In the picture: skin area roughened with laser before Metvix ointment is applied for PDT treatment.

Metvix cream is then applied to the laser-roughened area, allowing it to better penetrate the deeper layers of the skin. This procedure is known as LAAD - "laser assisted drug delivery." An opaque bandage is then applied and you can leave the clinic.

You will return to the clinic for the 2nd treatment on the same day - a few hours later. After the bandage is removed, the skin areas can now be

a) be precisely delineated with a lamp that emits a blue, so-called "black light". This so-called photodynamic diagnosis also makes it possible to detect skin cancer cells that are not visible to the naked eye.
b) Immediately afterwards, in another room, the skin site is irradiated with a special red light, high-energy red photons (light particles). Here the cancerous cells are destroyed and replaced by newly growing healthy cells. This is a light irradiation, not an X-ray irradiation! The treatment itself takes place in a quiet relaxed atmosphere and lasts about 2-6 minutes. If in most cases there is a burning sensation or pain in the treated area, we cool it with a cold air blower. An assistant is always present during the whole treatment. If desired, the treatment can also be performed under local anesthesia.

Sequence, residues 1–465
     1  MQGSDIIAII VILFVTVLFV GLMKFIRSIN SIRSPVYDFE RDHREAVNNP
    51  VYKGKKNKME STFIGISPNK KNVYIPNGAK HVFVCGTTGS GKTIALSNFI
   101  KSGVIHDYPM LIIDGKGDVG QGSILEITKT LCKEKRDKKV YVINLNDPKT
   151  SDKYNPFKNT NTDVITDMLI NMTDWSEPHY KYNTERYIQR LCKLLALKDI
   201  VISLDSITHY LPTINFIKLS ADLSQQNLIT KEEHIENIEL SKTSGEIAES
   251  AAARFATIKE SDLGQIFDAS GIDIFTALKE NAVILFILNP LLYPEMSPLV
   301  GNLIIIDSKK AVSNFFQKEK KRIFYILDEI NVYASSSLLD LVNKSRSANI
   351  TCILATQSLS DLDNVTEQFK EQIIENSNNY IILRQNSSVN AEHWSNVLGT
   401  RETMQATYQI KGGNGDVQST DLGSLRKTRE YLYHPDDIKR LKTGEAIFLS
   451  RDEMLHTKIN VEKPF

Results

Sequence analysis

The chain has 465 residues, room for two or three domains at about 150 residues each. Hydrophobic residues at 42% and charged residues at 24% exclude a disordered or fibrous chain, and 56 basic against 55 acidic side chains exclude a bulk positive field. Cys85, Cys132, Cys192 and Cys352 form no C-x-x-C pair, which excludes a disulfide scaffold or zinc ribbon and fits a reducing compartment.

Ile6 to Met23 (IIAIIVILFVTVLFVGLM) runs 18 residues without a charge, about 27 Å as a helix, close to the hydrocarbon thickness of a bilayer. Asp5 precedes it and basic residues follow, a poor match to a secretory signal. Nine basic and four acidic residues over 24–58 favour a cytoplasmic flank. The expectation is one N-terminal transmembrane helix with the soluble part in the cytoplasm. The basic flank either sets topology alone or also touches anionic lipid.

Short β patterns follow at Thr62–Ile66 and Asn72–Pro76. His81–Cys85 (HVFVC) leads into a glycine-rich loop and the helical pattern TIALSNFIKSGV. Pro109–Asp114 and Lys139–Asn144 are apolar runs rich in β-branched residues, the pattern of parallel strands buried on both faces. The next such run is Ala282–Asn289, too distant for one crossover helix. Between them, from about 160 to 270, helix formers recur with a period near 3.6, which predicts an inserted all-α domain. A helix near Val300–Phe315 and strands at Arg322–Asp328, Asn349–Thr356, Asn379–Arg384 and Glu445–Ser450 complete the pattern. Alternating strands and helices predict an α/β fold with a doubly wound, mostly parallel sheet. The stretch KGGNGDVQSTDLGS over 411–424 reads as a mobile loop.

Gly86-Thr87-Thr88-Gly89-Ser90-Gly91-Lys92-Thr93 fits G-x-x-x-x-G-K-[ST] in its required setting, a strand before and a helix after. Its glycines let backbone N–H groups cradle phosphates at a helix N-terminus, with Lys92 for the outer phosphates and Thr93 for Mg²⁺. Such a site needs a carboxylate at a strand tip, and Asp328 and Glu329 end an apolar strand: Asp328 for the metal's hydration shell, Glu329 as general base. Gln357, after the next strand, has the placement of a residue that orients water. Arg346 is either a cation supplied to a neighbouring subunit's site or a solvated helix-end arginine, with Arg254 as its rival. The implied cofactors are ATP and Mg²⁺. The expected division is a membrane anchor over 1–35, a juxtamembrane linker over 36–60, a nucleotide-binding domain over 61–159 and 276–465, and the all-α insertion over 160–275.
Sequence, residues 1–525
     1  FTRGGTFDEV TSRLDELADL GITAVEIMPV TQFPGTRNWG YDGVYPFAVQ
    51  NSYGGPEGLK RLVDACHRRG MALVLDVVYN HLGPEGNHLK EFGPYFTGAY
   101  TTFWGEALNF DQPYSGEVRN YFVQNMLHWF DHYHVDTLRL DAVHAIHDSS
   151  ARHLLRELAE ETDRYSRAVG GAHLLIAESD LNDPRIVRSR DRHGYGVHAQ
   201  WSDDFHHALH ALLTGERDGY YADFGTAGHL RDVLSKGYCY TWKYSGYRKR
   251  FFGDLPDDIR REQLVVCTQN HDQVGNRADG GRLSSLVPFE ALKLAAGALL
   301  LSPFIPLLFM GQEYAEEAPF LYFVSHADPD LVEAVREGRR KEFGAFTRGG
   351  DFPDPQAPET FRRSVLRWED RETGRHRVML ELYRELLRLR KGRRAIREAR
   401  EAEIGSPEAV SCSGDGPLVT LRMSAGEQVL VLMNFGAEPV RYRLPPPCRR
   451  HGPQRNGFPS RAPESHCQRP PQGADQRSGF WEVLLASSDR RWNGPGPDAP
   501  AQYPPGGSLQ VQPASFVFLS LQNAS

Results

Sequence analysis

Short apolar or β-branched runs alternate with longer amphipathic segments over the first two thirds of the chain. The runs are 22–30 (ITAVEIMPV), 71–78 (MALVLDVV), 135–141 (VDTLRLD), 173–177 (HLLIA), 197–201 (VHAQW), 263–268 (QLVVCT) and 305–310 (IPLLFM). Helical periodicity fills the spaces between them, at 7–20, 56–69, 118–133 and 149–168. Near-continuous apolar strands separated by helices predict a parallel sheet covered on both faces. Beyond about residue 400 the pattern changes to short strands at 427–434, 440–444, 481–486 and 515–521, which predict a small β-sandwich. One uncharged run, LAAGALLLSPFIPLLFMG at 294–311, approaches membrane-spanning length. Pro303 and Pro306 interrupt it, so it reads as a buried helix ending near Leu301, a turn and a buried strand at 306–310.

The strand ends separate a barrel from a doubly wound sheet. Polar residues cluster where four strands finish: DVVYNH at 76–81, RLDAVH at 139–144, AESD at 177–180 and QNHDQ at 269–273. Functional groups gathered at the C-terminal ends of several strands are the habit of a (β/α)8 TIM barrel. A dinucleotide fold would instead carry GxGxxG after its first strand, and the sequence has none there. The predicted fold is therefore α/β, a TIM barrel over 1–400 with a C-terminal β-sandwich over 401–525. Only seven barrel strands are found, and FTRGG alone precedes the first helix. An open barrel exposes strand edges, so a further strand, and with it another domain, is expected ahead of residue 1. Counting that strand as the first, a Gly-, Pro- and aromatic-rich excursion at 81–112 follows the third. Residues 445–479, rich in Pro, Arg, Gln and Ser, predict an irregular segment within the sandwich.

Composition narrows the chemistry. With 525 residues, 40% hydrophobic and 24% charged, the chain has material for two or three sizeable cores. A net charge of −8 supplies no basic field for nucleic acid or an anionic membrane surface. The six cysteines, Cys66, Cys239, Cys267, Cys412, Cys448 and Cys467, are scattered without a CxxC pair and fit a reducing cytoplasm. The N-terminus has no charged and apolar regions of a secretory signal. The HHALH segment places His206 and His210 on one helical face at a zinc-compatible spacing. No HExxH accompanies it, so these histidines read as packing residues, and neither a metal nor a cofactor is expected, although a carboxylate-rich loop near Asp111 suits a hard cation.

After the treatment, there is usually redness, sometimes swelling and scaling, rarely the formation of vesicles or crusts on the treated skin area. Sometimes a slight burning sensation may linger for several hours. This condition  may look like after a sunburn, but heals again without scarring. However, it is not a sunburn, but a mechanism of the skin to reject the destroyed skin cancer cells to the outside. This process is usually completed after 4-10 days. In contrast to X-ray irradiation, this PDLT treatment can be repeated without any problems if new skin cancer sites should appear.

in the picture: PDLT treatment in our clinic in a relaxed atmosphere. Cold air comes out of the tube held by the assistant for cooling.

As a rule, 1 to 2 (in some cases several) PDLT treatments are required at intervals of about 10-14 days (or more). This photodynamic laser therapy results not only in healing of the skin cancer, but also in smoothing of the skin.

Risks and side effects

Very rarely, an allergy to the Metvix cream can occur (which has never occurred in our case after almost 15 years of experience with thousands of patients), or - also absolutely rare - pigmentation (brownish discoloration) or longer-lasting redness can also occur. As a rule, these usually disappear again on their own, but can - if necessary - also be treated with special pigment or vascular lasers.

Please note: You should apply a good UV light protection (factor 50+ in the UV-B range, factor 35+ in the UV-A range) to the treated area for about 3-4 weeks during the light-rich season, which we can give you.
However, it is best if you get used to routinely applying this light protection to your face, head area, ears, neck and hands, and arms if necessary, every morning. Because prevention is better than cure.